Limited Wardrobe: Almost every girl is shown with two outfits each: her school uniform (Homura, Sayaka, Mami)/one casual outfit (Kyoko) and her magical girl costume. Madoka is slightly better; in her PJs on occasion as well as when Ultimate Madoka is seen with a more complex uniform. The manga avoids this.
Love Makes You Evil: Played with in regards to Sayaka. Since she became a Magical Girl in order to heal Kyosuke, it fills out one of the main aspects of the trope. Kyoko later suggests she go a step farther and add a dose of If I Can't Have You by breaking his arms and legs so Sayaka can be the only one he can depend on. Once Hitomi tells Sayaka she has her own feelings for Kyosuke and says she intends to act on them, it essentially leads to Sayaka's My God, What Have I Done? moment, which then leads to her Despair Event Horizon /witch transformation.
Love Triangle: Hitomi reveals to Sayaka that she also likes Kyosuke and plans on confessing to him. She gives Sayaka 24 hours to do something about it ... and since she doesn't, she acts on her own word and confesses. See also the above trope.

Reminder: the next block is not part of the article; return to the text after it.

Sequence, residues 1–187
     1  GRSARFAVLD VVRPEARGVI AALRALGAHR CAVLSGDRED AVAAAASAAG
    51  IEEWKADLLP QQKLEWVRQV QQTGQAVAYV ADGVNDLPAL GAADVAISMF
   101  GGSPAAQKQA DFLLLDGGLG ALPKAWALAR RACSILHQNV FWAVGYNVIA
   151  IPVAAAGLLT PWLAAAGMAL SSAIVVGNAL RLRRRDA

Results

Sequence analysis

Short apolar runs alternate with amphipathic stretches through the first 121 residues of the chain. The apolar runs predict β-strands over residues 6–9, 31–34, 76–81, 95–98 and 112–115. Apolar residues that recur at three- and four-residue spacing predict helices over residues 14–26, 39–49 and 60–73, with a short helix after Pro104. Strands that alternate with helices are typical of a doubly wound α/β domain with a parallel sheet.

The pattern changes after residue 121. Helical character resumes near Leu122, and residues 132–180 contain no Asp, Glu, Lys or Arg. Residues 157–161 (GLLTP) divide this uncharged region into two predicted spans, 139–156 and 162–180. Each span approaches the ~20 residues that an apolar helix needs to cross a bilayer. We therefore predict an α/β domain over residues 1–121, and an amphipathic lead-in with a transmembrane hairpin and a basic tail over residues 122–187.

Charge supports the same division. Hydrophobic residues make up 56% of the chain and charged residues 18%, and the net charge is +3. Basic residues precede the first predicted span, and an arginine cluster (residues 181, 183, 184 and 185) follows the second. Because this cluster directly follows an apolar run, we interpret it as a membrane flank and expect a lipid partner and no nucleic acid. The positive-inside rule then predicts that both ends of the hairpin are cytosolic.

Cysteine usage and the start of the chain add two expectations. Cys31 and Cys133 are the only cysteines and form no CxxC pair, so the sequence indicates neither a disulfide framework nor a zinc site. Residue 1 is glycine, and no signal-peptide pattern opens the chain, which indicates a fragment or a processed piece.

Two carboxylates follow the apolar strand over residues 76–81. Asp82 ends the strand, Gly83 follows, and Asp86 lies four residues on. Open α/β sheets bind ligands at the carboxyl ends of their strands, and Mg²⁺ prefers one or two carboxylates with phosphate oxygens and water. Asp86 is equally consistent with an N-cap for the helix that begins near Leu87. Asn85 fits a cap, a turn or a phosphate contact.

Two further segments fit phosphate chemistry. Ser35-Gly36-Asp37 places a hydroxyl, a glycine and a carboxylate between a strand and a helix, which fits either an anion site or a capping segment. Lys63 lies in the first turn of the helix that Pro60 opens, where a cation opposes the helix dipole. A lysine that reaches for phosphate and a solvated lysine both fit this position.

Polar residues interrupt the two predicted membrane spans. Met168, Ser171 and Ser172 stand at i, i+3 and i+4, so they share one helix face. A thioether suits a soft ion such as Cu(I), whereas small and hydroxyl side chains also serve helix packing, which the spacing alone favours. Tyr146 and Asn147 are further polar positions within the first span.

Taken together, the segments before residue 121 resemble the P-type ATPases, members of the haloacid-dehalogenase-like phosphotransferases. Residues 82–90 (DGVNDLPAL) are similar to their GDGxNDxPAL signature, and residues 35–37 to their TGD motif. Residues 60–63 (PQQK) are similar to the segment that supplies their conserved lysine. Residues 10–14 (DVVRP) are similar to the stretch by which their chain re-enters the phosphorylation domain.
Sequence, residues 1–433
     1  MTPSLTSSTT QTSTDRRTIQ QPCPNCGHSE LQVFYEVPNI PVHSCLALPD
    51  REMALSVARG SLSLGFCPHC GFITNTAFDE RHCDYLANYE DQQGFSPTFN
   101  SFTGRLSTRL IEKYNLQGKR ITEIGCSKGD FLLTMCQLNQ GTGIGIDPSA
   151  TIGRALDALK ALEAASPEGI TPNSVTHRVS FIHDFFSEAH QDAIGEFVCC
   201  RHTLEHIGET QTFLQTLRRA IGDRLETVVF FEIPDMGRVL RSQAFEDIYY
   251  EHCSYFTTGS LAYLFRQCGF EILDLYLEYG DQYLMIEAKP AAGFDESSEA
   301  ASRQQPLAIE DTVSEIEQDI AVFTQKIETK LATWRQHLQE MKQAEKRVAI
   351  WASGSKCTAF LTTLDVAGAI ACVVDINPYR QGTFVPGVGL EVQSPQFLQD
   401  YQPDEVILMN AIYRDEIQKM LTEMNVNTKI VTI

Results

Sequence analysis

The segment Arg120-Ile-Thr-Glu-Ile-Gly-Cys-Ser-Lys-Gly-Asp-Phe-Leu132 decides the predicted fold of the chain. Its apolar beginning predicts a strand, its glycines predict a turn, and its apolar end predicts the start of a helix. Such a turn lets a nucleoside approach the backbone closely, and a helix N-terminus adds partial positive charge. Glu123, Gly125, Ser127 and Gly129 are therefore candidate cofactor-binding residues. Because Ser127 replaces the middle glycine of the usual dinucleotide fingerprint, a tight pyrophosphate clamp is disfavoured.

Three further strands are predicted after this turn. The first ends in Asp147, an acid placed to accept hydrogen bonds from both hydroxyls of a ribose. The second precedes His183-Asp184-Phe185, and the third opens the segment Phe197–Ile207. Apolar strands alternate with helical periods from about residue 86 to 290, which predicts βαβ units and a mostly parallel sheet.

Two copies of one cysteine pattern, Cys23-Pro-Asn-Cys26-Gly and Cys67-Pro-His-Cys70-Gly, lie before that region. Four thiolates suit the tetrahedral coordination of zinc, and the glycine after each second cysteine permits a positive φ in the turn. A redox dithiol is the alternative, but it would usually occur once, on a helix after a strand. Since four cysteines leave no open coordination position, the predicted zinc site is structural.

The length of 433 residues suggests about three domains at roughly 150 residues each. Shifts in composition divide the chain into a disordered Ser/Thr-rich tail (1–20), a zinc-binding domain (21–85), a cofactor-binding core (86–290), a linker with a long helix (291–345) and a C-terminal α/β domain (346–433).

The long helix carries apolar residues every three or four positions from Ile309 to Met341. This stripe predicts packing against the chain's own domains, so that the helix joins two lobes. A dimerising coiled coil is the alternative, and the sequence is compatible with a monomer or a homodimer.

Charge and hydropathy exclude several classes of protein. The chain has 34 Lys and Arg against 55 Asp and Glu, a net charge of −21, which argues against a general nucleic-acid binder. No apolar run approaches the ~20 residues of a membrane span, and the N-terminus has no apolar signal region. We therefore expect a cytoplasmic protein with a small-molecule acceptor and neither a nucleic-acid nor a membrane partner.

Made of Evil: The Witches are born from despair and curses. It is their very nature to kill people.
Made of Iron: Justified. Magical girls have their souls separated from their bodies which allows them to take hits that would severely injure or kill any normal human being. Any damage can be repaired by magic later as long as the soul gem stays safe.
Magical Girl: It's half of the title but it could also be called young witch.
Magical Girl Warrior: The job of a Magical Girl is to hunt and slay witches. There are archers, gunners, swordswoman, etc.
Magic Skirt: Madoka's magical girl skirt is justified since there are a lot of frills underneath. The other skirts are rather short and the show has a tendency to show a lot of leg, but never more. This especially apparent when Kyoko is carrying Sayaka in her arms in Episode 9. There is a side shot with Sayaka's leg conveniently in the way.
Make a Wish: Everyone who wants to become a magical girl is granted one wish and each magical girl will gain different abilities depending on the nature of her wish. It sounds great until the characters learn that each wish has a price which will get higher with each person that will be affected by it.
Manipulative Bastard: Kyubey's MO is to appear to MG candidates when they are emotionally vulnerable and thereby unable to refuse a Miracle Contract.